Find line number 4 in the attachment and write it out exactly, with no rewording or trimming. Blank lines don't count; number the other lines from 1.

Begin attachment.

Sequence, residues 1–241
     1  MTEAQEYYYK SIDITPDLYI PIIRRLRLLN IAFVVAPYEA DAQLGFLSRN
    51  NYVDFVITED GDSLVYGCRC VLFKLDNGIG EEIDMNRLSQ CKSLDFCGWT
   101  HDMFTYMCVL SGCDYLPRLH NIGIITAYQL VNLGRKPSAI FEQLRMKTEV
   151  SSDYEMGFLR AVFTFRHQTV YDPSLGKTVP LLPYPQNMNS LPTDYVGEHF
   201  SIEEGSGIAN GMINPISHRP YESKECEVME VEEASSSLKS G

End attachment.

   101  HDMFTYMCVL SGCDYLPRLH NIGIITAYQL VNLGRKPSAI FEQLRMKTEV